First things first, you need a medical clearance stating that you’re fit to run. All you have to do is visit a hospital, see a doctor and get examined. This is particularly useful for those who haven’t engaged in any activity for a long time. You’ll have the opinion of a health expert to work with and pace yourself.
At this point, you’ll know whether you can engage in running or not. The doctor will help you create special routines to help you enjoy running even with a little health concern. For instance, if you’ve always had sore knees, you might want to avoid surfaces with hard resistance which means road and trail running may not be for you.
2. You’ll need good shoes and gear
Sure, you can take to the streets running but for how long? You’ll end up feeling hurt and uncomfortable – thanks to the bad shoes you have on. It’s important you invest in the right pair because shoes are meant to support your running style, not force you into one. Your gear isn’t much of a difficult choice. You’ll need something lightweight for shorts, tops, and even tights so that you remain dry while running.
For shoes, it’s not about having the most expensive or great-looking. The question is do they fit? How much support do they offer? Keep these questions in mind when you visit a store for a good pair. It would help to consult professionals who have a keen sense of the best running shoes.
3. Warm-up to get in the mood
There are a lot of misconceptions about running but this isn’t one of them. If you want to go out there and have a great time tuning up your body, you’d best do some light movements and exercises to get you going. Furthermore, twinges occur more frequently when you ignore the need to warm up before going on a run.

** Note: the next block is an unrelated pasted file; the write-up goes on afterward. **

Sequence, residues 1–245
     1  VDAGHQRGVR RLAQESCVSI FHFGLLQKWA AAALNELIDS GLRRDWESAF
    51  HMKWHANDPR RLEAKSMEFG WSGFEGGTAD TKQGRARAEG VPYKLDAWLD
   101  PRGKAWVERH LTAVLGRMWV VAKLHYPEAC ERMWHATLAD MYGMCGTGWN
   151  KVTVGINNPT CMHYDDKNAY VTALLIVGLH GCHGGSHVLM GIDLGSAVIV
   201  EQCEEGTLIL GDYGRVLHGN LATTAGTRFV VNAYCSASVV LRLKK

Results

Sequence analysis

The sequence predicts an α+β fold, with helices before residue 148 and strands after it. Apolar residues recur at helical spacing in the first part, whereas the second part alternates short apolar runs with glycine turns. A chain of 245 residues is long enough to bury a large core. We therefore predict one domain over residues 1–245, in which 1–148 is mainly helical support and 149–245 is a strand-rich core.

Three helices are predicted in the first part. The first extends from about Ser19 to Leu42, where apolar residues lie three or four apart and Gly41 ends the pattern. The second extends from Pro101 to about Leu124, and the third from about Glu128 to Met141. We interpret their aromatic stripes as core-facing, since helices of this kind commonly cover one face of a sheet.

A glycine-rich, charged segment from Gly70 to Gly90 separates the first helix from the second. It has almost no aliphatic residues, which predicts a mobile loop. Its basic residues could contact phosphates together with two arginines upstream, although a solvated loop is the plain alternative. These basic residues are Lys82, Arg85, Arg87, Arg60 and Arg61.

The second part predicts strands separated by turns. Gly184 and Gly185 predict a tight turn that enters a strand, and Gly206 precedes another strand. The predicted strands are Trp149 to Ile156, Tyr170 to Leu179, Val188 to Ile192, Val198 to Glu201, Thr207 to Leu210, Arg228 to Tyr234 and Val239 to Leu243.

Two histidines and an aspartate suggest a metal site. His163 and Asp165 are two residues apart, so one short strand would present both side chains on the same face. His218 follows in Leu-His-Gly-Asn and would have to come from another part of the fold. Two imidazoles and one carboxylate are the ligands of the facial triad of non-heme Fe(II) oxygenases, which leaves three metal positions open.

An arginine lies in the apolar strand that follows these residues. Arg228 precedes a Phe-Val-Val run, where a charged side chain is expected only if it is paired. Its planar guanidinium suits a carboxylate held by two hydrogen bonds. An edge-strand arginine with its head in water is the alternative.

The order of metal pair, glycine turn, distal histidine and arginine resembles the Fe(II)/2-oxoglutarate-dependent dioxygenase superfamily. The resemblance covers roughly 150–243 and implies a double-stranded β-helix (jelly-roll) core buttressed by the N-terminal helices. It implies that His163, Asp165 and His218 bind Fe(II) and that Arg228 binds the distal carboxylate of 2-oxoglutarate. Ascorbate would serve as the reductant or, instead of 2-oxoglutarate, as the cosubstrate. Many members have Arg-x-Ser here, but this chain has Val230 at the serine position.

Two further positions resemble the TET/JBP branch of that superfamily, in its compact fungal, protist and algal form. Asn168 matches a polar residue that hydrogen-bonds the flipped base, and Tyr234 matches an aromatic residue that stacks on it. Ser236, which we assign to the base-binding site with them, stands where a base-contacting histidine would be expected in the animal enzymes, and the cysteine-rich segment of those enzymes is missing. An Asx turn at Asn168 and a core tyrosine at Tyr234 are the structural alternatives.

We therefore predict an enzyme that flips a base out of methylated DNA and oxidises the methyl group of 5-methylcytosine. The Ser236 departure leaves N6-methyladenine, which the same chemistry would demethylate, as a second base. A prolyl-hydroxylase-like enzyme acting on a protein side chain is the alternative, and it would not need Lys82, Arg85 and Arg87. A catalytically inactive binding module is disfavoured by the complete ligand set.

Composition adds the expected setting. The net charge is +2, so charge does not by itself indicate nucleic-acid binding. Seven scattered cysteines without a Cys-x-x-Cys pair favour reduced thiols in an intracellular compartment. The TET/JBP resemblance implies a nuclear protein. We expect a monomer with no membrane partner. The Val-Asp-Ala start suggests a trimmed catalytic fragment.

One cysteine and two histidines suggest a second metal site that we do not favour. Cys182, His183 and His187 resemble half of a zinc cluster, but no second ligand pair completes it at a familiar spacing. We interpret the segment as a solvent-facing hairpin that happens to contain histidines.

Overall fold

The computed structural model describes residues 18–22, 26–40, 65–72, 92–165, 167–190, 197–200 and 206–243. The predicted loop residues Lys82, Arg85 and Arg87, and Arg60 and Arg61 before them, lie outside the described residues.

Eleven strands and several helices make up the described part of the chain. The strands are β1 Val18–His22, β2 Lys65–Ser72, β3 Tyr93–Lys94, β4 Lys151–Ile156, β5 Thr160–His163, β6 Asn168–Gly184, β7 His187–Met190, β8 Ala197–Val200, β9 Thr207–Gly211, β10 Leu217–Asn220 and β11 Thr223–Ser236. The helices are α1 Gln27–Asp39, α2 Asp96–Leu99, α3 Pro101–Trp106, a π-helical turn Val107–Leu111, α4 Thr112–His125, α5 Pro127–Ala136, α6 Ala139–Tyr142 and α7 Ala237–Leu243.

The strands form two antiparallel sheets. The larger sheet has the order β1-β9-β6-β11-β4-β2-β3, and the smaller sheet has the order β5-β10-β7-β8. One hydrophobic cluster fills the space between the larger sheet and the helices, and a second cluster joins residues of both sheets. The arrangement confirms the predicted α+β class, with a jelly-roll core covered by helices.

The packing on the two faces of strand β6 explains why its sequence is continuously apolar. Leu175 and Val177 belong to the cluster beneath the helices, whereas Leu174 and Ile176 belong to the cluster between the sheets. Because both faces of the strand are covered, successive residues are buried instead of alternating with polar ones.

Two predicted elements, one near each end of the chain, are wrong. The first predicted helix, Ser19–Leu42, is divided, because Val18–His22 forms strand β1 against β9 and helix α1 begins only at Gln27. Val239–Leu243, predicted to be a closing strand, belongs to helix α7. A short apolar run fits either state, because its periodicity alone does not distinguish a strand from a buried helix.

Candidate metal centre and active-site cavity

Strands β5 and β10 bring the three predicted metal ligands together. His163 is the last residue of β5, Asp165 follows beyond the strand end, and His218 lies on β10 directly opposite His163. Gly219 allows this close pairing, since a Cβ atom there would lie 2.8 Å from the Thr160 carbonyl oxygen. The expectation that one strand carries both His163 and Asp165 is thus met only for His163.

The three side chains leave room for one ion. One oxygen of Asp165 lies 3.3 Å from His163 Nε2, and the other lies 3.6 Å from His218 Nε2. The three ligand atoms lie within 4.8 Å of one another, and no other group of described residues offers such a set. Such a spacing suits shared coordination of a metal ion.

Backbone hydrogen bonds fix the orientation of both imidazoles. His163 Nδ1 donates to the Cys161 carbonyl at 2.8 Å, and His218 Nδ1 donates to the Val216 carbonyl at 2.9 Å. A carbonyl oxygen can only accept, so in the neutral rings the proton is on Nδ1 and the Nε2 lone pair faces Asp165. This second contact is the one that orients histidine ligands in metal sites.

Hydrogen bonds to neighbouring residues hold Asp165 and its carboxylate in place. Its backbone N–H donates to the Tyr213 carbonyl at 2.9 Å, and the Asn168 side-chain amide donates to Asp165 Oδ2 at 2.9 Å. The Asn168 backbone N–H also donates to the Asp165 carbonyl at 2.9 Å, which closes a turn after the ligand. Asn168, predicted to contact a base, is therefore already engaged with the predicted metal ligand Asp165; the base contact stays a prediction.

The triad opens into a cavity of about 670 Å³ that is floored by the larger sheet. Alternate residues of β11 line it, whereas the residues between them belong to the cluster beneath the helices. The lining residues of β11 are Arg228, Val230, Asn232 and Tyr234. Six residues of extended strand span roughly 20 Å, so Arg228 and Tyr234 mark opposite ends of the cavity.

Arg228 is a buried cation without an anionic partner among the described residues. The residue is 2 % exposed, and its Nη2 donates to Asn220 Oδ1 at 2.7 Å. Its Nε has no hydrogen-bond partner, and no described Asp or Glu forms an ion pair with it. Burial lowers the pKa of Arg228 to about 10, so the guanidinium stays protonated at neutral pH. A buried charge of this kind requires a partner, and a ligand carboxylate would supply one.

Try doing some stretches to see what warm-up style works for you. This way, your joints, and muscles are mobilized and activated respectively. If you don’t have time for a warm-up, start at a very slow pace and pick things up. Also, while in motion, you can raise a heel or a high knee at different intervals. Points you can focus on during your warm-up before you start running Include your neck, hips, knee, and ankle. Also, ensure your breathing is on song with your whole body and how you feel.
4. Don’t be an instant runner
So, you’ve made up your mind to start running, get the gear and shoes and wham! You’re all over the place prancing around. Well, you’d be lucky to come out of that unscathed because you’d be doing too much too soon which could prove to be harmful. To avoid this, you can try the Run/Walk method so that at intervals you ‘rest’ before going on another short burst.
Instead of letting the running bug consume you, play it safe and gently ease yourself into the habit. You can train or simply start by running within a limited time you set for yourself, then slowly pick up the pace. Again, if you’re just starting out, it’s all the more necessary to protect your health by avoiding excesses that leave you at risk of injuries and also paying attention to what your body is saying. Slow and steady builds consistency.
5. Practice good posture
While running, you need to maintain a good form and posture. You don’t want a situation where your shape is altered to look the wrong way. Let your posture be upright with your head lifted and your back feeling long. Your shoulders should also be level but relaxed while you try to keep a neutral pelvis.
As you run, do well not to lean forward. This is normal when you get tired but rather than do so, stop running and walk to rest. Again, there’s a tendency to have your shoulders hunched particularly when running long distances so keep that in mind and have a good shoulder placement because with them too far forward and rounded, you might develop breathing problems.
Keep your eyes focused between 10 and 20 feet ahead of you. Your arms, as if you are walking, should swing naturally from your shoulder joint and not the elbow joint. You’ll know you’re getting things right when there’s a 90-degree bend at your elbow. Further, keep your hands relaxed and cupping them gently helps but when they’re clenched fist-like, you’ll notice tension building in your neck and arms.
Your foot strike which is the way your foot hits the ground is also part of the posture you should be mindful of. Do the following…
- Don’t use your toe or heel to strike the ground. You’ll get tired quickly or develop calf, shin pain or other injuries.